Where an employer makes a unilateral reduction in an employee’s wages by removing or reducing a payment to which the worker is contractually entitled, it appears that this will still amount to an unlawful deduction even if the employer increases another aspect of the employee’s wages so that there is no overall loss in pay.
In Pendragon plc v Nota EAT 0031/00, the English Employment Appeals Tribunal upheld a tribunal’s decision that an employer who had stopped paying an employee overtime pay to which he was contractually entitled had made an unlawful deduction from wages, even though the employer had unilaterally increased the premium rate of pay in order to offset the shortfall in overtime pay. The employee had never accepted the quid pro quo arrangement and had in fact protested. As a result of his protests, the contractual overtime rate was reinstated without any change being made to the new premium rate. However, he was not paid backdated overtime pay. The Appeal Tribunal ruled that it was this failure that amounted to the unlawful deduction.
The letter to employers was written on 12 May 2020 by the Office of the Prime Minister and many employees will possibly have to wait at the end of this month to find out if UGX 10,000 is actually deducted by their employers as only an actual deduction can be the subject of a complaint. In Mennell v Newell & Wright  IRLR 519, the UK Court of Appeal held that for a tribunal to have jurisdiction in an unlawful deductions claim “there must be an actual deduction” and the tribunal had no jurisdiction to hear a complaint about a threatened deduction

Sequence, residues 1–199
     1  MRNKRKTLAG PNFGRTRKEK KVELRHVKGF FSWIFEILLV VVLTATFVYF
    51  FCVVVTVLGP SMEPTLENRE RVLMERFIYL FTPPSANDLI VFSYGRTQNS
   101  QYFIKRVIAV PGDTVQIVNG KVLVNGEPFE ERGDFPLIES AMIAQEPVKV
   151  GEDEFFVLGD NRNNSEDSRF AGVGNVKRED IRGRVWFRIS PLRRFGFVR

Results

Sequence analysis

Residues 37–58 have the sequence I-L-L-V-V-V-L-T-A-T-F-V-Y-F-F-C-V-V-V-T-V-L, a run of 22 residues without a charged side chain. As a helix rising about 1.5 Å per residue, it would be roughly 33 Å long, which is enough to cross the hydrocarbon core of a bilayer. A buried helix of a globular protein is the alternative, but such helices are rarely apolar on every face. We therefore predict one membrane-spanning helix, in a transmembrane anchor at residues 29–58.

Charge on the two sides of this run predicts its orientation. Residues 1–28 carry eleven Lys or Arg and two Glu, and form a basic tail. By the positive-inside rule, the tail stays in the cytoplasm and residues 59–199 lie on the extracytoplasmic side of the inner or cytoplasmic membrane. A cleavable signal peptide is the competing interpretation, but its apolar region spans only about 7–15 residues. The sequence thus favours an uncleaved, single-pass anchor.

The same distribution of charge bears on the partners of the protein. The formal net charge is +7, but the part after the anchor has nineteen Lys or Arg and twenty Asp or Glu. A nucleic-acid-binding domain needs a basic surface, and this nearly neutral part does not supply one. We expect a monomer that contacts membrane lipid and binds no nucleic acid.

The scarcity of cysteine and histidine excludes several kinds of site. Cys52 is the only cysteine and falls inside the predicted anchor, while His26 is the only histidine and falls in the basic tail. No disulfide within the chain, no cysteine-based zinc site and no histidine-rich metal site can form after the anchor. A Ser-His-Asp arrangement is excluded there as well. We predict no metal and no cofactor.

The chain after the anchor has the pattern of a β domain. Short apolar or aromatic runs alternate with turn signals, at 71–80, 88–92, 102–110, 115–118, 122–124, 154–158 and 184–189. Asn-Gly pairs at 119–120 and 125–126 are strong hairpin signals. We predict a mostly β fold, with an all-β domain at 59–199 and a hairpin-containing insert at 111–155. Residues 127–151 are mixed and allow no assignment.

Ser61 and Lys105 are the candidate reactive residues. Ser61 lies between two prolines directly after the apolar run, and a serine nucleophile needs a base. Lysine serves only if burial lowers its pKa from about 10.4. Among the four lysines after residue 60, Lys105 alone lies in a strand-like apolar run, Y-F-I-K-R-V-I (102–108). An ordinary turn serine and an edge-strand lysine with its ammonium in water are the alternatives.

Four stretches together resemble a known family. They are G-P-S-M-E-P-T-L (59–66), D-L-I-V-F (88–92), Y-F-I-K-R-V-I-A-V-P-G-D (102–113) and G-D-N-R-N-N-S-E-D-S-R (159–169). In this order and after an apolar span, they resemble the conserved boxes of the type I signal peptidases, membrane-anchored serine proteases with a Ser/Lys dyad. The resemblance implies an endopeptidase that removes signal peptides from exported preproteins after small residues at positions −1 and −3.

Unilateral reductions in pay
If an employer, without contractual authority or individual, reduces an employee’s wages, this will amount to unlawful deductions of wages. In Bateman and others v Asda Stores Ltd  IRLR 370, the English Employment Appeals Tribunal held that the employer was entitled to unilaterally introduce a new pay scheme which meant that some employees suffered a reduction in pay. This was only possible because the employer’s staff handbook which had been incorporated into the employees’ contracts, and which allowed the employer to change the terms of the handbook to reflect the changing needs of the business. The Employment Appeals Tribunal considered that the changes to the pay scheme were consistent with that provision, and that there had been no unlawful deductions from the employees’ wages. If, however, there is no such applicable term and an employer unilaterally imposes a reduction in pay, an employee can: